3. Or, click this link for a quick-look at the factory warranties of some of Canada’s most popular car brands. 

Psst...be sure to come back here to find out what to do when you learn the status of your vehicle’s warranty! 

What does it mean to be out of a factory warranty, and what should I do? 

If you’ve just completed the above step and realize that your vehicle is no longer being protected by your factory warranty, don’t stress. We’re here to answer some questions that may be coming to mind: 

Q: Will I have to pay for my vehicle repairs if I no longer have a warranty? 

A: Yes. Unfortunately, once your vehicle is no longer covered by a factory warranty, that means the repair fees fall into your lap as the owner. To get an idea of some common mechanical failures and what they can cost for repairs, check out this list* below from GuardTree’s team of claims experts, or read our in-depth article:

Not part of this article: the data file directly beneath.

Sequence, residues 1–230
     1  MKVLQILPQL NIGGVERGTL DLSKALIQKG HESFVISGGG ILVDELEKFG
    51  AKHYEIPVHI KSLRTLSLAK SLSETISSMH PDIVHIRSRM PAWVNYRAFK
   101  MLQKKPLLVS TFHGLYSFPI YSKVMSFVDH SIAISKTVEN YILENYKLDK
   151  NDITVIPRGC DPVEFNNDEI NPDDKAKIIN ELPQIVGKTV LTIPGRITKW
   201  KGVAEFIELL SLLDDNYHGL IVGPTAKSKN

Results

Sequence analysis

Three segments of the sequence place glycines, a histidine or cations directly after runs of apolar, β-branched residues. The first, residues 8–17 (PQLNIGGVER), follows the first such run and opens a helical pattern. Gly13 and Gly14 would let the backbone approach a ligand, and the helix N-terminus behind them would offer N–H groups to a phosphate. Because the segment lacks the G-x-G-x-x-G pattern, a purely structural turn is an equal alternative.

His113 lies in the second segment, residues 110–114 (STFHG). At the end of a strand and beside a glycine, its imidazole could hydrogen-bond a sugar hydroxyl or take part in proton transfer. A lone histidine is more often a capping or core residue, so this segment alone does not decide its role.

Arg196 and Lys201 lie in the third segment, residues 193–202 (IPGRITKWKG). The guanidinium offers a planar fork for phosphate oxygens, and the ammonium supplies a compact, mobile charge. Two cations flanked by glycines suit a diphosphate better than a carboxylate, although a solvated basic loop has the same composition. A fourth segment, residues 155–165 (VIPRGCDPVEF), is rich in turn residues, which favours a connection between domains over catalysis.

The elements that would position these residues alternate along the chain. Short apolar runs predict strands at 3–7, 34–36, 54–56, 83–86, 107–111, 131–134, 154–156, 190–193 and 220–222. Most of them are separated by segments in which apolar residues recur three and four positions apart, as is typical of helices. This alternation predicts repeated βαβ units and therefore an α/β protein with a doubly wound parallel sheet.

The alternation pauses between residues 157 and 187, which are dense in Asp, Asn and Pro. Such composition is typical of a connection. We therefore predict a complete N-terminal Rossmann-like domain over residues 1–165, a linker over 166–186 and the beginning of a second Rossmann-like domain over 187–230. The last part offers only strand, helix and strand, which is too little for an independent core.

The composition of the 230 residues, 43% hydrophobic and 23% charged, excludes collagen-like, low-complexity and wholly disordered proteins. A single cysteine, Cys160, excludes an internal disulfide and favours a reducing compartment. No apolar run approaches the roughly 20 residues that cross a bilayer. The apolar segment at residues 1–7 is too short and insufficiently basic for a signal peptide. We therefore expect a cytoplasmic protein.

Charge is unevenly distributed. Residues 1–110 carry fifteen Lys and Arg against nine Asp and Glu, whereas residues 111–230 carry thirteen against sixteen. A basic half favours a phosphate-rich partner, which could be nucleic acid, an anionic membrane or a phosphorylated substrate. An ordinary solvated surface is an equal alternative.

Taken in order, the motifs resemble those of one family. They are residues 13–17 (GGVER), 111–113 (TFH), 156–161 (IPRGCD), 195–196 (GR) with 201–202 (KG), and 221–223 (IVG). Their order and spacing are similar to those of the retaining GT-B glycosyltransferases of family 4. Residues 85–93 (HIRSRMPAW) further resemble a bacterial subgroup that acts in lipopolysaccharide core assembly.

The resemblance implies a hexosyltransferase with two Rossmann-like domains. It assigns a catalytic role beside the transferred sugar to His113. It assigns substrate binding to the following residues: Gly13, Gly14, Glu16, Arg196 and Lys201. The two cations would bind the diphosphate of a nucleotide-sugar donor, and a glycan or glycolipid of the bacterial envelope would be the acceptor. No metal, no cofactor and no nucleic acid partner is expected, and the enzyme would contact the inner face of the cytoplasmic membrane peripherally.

• Door latch replacement = $260 
  • Window motor replacement = $300 
  • Thermostat replacement = $350 - $600 
  • Wheel bearing replacement = $400 
  • Starter motor replacement = $400 
  • Control arm replacement = $500 
  • Alternator replacement = $650  
  • Water pump replacement = $1005 
  • Rack and pinion replacement = $1699 
  • Transmission replacement = $3,000 - $10,000
  • Engine block replacement = $5,000 - $15,000 

*Note that these prices are ballpark estimates only. The final price you pay will depend on several factors, such as your car’s make, age, condition, and the mechanic you work with to get it fixed. 

Q: What is no longer covered? 

A: It’ll depend on your coverage, but typically once all your factory warranties expire, all components that need repair will now be up to you to pay for. As the vehicle ages, so do its components, meaning the frequency of repairs goes up.



Q: What now? Are there ways to protect myself from future repair fees? 

A: Luckily, you have a couple options for how to protect yourself from expensive repair bills now that you’re no longer covered.